George Inness (1825 – 1894): The Lackawanna Valley, c4/19/2021, 5:23:02 PM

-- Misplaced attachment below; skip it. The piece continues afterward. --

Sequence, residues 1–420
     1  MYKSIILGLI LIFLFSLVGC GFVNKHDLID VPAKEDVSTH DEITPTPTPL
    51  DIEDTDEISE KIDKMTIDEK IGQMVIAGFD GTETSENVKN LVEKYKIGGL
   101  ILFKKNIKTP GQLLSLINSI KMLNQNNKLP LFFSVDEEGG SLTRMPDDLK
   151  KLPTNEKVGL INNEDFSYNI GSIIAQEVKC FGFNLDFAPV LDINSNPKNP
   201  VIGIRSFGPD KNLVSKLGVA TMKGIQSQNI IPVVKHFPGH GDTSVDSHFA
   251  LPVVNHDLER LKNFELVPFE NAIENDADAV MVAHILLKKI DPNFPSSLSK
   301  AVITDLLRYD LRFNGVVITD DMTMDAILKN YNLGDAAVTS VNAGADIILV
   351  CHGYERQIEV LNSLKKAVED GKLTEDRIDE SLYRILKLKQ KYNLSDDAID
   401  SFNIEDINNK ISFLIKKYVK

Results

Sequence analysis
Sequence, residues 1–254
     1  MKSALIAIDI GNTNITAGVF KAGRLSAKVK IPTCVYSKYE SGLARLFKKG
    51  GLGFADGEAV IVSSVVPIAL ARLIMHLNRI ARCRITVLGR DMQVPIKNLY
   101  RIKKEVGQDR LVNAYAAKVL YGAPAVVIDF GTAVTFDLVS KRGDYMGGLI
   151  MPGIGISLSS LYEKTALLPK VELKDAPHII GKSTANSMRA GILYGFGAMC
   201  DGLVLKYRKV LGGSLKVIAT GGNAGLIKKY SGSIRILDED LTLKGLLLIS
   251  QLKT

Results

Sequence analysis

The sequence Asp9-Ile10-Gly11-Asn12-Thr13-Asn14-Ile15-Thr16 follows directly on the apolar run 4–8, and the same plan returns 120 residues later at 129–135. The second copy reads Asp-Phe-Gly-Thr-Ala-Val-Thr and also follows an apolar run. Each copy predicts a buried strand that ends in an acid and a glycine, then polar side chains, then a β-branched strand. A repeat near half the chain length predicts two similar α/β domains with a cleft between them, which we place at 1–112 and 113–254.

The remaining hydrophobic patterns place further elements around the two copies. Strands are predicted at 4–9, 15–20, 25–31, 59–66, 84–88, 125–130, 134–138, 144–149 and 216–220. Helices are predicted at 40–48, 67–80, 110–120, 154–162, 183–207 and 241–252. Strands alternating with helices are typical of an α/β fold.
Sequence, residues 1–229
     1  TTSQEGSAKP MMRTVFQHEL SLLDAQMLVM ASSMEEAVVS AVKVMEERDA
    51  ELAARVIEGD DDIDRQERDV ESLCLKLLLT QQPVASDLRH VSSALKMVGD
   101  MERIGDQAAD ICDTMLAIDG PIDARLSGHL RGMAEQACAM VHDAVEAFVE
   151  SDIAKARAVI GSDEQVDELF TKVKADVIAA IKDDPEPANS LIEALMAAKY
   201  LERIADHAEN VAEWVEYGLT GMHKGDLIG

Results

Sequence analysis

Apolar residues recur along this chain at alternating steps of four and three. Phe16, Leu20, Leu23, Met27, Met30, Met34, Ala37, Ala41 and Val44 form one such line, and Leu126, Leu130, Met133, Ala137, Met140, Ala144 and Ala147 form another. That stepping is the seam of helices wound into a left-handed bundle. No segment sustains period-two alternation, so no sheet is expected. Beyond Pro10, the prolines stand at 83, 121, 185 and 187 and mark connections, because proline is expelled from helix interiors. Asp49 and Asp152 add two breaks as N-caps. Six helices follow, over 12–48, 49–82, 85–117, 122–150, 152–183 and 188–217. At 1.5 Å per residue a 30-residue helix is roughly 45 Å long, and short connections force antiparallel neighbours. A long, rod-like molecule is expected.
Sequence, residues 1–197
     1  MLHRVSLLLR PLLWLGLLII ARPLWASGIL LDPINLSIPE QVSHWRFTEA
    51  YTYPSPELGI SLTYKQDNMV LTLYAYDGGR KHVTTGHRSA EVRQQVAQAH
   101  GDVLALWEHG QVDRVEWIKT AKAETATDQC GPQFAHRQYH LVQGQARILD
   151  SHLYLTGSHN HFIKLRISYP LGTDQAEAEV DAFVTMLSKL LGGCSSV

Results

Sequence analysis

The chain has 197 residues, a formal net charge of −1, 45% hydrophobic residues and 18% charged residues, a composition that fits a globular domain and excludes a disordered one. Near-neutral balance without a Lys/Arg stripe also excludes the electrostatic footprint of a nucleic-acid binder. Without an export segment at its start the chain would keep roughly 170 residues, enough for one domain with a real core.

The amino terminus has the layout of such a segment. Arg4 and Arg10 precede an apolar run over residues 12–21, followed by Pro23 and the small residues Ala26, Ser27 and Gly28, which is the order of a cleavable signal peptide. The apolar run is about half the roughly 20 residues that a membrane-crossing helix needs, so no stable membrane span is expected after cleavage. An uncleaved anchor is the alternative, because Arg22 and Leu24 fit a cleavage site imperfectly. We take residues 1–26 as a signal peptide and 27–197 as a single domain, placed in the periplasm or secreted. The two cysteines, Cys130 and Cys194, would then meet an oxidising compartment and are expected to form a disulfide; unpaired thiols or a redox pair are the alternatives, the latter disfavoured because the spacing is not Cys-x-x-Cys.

George Inness (1825 – 1894): The Lackawanna Valley, c. 1856, oil on canvas, 86 x 127.5 cm, National Gallery of Art , Washington, D.C. George Inness's atmospheric, illustrative compositions represent a vital contribution to nineteenth-century North American landscape painting. At the same time Inness is noteworthy for his resistance to many of the generic trappings associated with that era. Whereas contemporaries such as Thomas Cole and Frederic Edwin Church forged a distinctively American approach to the Romantic landscape, Inness was interested in exploring and turning to new effect the European Romantic origins of their work. His early works, in their soft brushwork and emphasis of light and tonal effects, suggest the proto-Impressionism of Camille Corot, and were directly influenced by the French Barbizon School. This is one of Inness's earliest pieces, produced while he was still a struggling young artist for the first president of the Delaware, Lackawanna, and Western Railroad. Inness was paid $75 for the composition, which includes a mixture of pastoral and industrial elements. A picturesque scene of fields on the outskirts of Scranton, Pennsylvania is cut through with the tracks of the growing railroad. In the foreground we see stumps of trees felled to make way for progress, and the figure of a reclining man looking on at the approaching train. Two sets of track meet in the middle, leading the eye to the steam engine and its roundhouse beyond. Beyond this, the eye is drawn to the steeple of a church, picked out in black beyond the white locomotive steam, while further afield the gentle Pennsylvanian hills are rendered in calming blues and purples. The scene and colour palette are calm and harmonious, but the scarred tree trunks in the foreground, emerging from the earth almost like marks of disease, raise questions about the artist's message.